Phospholamban is the major membrane protein of the heart phosphorylated in response to β-adrenergic stimulation. A role for phospholamban in the control of Ca2+ transport by the sarcoplasmic reticulum has been postulated, but the mechanism is incompletely understood. Structural characterization of the purified protein suggests that it is capable of forming a membrane-spanning pore (Simmerman, H.K.B., Collins, J.H., Theibert, J.L., Wegener, A.D., and Jones, L.R. (1986) J. Biol. Chem. 261, 13333-13341). The experiments described here tested the hypothesis that canine cardiac phospholamban, isolated in the fully dephosphorylated state, forms ion channels in lipid bilayers. Phospholamban purified by two different methods formed channels that were permeable to cations, exhibited spontaneous openings and closings, and were selective for Ca2+ over K+. Dihydropyridine drugs and ryanodine did not affect channel activity. The putative membrane-spanning portion of the molecule, residues 26-52, also formed channels in the bilayer. The putative regulatory portion of the molecule, residues 2-25, did not. The results suggest that phospholamban may regulate sarcoplasmic reticulum Ca2+ flux by acting as a Ca2+ channel.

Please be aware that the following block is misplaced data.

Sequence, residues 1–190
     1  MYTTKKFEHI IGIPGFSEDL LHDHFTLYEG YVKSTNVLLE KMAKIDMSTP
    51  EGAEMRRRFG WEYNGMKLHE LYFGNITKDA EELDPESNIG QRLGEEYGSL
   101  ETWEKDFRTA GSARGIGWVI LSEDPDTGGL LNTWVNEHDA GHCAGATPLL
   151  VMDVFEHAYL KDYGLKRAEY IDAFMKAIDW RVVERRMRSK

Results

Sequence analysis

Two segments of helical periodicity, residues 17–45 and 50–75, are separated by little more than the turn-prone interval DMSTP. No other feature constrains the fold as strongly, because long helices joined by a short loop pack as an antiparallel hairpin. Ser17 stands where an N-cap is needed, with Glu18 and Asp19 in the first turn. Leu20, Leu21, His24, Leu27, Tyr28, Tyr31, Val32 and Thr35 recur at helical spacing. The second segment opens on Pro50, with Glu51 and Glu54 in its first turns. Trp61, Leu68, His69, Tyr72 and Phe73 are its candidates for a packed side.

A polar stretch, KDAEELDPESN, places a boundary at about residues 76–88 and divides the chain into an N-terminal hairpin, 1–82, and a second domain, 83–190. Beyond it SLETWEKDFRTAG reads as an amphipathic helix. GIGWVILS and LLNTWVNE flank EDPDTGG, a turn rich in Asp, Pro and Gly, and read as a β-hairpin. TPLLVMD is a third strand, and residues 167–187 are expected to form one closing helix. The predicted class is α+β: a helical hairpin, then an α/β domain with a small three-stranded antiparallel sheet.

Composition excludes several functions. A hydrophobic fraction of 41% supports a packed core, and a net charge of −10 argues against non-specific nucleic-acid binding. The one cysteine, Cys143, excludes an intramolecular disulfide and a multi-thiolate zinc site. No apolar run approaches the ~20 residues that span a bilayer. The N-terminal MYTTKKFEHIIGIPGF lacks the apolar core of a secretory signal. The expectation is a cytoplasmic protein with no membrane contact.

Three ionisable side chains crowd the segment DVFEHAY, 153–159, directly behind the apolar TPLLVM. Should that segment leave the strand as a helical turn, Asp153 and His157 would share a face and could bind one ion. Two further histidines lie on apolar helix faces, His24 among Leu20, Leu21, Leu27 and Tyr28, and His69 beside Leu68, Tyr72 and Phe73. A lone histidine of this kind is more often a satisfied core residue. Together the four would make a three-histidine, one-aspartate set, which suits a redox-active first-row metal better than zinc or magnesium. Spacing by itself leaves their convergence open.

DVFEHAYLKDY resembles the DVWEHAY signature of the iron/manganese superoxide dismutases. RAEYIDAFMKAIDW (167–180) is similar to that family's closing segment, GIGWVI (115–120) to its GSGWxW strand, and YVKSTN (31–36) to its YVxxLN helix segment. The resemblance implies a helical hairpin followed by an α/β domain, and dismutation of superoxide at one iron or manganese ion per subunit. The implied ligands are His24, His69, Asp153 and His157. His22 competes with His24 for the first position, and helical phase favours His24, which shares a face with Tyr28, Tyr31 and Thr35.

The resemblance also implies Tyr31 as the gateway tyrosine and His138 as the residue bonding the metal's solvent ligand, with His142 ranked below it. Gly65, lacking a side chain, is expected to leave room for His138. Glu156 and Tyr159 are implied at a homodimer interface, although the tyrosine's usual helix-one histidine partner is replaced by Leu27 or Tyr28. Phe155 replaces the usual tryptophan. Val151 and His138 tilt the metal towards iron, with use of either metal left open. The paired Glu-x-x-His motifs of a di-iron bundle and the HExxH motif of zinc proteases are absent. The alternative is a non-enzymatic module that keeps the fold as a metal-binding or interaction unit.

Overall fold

|Original language||English (US)|
|Number of pages||5|
|Journal||Journal of Biological Chemistry|
|State||Published - Jan 1 1988|
ASJC Scopus subject areas
- Molecular Biology
- Cell Biology